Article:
How is "Funeral Bells" a modernist poem? What features of the poem make it modernist?

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thanatassa | College Teacher | (Level 3) Educator Emeritus

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"The Funeral Bell" by Francis Duggan in a modern or contemporary poem as it was written by a poet who is still alive but it is not a modernist poem. It is written in four line stanzas rhymed AABB. The rhythm of the lines is awkwardly prosaic. Rather than attempting the rhythmic tensions associated with modernism, this author's piece of doggerel simply does not appear in control of his language, using odd locutions such as "Farewelling a deceased soul" as a failed attempt at heightened poetic language.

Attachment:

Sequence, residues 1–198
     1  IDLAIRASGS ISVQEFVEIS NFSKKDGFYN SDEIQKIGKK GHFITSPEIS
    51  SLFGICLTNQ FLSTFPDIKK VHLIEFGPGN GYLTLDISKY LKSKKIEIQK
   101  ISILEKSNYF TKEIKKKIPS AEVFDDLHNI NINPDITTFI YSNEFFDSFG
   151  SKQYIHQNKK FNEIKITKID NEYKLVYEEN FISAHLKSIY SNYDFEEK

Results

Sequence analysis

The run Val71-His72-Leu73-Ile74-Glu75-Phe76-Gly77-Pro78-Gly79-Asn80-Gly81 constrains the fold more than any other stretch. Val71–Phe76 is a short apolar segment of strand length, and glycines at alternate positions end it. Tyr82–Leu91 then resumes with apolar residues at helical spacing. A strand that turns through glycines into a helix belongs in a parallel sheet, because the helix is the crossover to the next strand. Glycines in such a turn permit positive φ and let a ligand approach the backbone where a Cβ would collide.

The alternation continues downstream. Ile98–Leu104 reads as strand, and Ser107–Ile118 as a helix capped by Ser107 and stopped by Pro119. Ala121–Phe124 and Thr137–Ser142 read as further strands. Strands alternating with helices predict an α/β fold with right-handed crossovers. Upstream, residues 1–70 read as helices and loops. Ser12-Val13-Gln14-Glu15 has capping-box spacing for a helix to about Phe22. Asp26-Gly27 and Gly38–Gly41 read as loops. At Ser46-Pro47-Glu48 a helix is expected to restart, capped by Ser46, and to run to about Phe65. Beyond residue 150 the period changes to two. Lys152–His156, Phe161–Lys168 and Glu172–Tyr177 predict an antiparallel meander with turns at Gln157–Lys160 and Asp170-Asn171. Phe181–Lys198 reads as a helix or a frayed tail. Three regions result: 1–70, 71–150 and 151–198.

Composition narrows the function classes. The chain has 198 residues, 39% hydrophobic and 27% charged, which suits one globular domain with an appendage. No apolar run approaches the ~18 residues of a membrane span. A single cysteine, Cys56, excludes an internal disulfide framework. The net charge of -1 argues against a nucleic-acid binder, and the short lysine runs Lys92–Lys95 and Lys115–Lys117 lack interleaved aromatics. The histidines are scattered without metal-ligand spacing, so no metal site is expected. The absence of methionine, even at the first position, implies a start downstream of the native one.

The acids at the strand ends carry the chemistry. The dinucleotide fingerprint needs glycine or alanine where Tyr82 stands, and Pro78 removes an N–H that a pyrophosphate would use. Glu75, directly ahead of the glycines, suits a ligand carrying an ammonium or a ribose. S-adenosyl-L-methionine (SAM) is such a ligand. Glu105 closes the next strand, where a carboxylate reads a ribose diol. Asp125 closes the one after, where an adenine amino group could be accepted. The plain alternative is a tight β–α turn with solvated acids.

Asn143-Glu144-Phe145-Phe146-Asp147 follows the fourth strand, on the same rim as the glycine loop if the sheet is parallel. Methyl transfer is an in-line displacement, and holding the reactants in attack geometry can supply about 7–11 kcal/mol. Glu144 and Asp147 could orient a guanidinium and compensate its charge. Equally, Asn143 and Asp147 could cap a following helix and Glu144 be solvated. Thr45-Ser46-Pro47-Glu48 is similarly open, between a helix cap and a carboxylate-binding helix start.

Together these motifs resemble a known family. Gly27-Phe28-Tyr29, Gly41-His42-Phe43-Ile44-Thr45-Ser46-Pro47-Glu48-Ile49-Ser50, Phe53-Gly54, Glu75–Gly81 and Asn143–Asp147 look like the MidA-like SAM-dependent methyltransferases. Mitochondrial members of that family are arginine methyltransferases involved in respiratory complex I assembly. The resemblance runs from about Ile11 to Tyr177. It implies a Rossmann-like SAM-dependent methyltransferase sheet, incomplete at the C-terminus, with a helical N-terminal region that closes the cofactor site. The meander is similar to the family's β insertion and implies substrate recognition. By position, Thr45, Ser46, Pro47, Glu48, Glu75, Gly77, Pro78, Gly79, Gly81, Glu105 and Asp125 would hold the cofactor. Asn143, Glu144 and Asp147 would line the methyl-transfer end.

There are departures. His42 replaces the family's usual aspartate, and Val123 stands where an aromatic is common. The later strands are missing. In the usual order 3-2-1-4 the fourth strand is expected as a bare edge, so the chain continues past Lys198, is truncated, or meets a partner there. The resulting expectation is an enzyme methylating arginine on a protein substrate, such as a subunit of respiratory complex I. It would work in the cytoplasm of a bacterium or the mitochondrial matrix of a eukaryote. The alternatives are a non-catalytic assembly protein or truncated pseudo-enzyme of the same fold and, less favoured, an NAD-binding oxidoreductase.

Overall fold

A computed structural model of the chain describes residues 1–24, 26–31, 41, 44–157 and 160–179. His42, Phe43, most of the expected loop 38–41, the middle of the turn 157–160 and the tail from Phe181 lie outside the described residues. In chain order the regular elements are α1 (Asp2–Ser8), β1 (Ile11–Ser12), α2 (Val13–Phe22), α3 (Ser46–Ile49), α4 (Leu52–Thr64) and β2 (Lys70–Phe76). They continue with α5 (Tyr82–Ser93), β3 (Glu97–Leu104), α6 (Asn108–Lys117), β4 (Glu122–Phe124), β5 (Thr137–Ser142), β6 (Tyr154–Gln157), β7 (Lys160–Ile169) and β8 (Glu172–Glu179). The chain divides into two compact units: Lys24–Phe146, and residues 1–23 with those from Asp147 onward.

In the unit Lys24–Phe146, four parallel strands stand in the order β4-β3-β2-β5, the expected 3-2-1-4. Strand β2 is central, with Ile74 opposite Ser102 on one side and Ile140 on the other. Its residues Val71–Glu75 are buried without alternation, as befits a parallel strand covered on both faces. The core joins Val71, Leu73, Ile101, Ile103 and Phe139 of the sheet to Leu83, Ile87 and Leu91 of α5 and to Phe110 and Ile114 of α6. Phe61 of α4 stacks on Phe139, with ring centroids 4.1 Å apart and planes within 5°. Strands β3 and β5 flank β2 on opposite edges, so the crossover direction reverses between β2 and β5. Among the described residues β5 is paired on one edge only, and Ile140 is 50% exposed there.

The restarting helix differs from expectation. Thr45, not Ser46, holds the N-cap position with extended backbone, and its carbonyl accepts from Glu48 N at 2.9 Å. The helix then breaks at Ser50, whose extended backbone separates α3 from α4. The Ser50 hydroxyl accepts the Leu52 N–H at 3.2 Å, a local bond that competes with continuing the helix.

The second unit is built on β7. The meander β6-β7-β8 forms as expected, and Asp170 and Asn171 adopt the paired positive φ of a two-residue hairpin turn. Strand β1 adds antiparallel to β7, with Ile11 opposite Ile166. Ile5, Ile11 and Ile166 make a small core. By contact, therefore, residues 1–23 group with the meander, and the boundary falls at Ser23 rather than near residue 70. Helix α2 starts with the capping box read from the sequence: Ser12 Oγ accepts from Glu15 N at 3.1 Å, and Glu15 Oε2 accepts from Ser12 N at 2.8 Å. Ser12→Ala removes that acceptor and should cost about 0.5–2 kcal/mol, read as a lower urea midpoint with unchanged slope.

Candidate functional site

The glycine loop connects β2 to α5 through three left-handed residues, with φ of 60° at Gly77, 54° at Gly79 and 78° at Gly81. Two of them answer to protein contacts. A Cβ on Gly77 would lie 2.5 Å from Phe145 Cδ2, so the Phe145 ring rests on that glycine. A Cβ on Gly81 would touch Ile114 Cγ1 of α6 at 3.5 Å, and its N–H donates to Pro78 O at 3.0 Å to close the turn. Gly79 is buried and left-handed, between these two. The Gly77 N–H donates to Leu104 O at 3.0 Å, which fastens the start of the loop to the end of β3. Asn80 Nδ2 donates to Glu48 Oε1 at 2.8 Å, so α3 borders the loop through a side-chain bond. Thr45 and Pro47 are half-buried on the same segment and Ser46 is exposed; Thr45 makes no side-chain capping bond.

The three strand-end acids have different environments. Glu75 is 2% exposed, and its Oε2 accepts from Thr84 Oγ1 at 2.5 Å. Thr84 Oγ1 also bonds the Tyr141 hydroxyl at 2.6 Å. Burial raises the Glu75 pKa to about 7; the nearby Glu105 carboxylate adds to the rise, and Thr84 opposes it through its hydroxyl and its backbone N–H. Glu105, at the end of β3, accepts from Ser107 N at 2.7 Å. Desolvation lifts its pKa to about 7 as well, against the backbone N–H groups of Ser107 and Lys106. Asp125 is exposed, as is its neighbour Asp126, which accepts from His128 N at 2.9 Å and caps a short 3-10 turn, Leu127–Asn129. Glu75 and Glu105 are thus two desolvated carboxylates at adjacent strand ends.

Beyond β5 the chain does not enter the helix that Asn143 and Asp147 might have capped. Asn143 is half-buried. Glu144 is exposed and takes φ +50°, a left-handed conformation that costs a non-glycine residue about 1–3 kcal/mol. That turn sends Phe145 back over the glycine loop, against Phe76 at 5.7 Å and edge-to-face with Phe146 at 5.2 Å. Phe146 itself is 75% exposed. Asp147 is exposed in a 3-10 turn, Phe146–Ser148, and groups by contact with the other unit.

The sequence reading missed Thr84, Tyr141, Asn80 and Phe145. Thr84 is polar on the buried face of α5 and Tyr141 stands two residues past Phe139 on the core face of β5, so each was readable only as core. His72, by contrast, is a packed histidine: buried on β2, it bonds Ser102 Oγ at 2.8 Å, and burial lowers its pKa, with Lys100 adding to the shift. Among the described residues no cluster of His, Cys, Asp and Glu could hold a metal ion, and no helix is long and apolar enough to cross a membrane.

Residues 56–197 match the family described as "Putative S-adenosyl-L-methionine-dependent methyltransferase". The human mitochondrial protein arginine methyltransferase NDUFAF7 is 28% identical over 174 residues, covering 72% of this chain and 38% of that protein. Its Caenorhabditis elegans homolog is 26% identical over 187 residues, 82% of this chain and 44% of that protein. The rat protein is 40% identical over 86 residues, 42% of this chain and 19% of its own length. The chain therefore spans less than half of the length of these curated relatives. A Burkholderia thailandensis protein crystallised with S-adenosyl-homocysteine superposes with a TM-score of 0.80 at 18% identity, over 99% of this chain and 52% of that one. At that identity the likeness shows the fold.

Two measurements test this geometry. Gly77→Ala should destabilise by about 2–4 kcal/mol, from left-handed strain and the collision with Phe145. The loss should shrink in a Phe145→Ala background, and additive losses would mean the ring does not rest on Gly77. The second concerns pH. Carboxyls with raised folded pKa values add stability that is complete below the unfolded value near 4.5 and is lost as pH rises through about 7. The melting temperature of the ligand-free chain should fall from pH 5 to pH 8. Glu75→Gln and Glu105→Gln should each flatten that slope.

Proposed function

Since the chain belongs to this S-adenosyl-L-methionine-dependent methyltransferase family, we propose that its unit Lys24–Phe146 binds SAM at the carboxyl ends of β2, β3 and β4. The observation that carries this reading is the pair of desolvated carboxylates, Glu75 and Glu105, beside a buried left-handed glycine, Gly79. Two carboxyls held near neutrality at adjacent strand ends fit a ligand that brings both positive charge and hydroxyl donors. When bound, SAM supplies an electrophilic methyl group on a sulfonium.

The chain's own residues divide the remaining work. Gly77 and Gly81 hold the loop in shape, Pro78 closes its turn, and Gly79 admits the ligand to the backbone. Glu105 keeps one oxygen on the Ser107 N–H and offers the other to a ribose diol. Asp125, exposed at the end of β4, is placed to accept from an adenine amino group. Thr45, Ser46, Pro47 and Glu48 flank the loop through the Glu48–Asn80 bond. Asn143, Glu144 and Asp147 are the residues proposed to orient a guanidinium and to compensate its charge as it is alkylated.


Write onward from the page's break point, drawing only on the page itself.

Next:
The main figurative device is the pathetic fallacy, in which birds are imagined to be mourning for the deceased. We have none of the dense allusiveness, irony, or disruptions of poetic convention associated with modernism. 

Note that there is a poem called "Funeral Blues" by W. H. Auden that is a modernist poem, but the question asked about "Funeral Bells," not "blues". 


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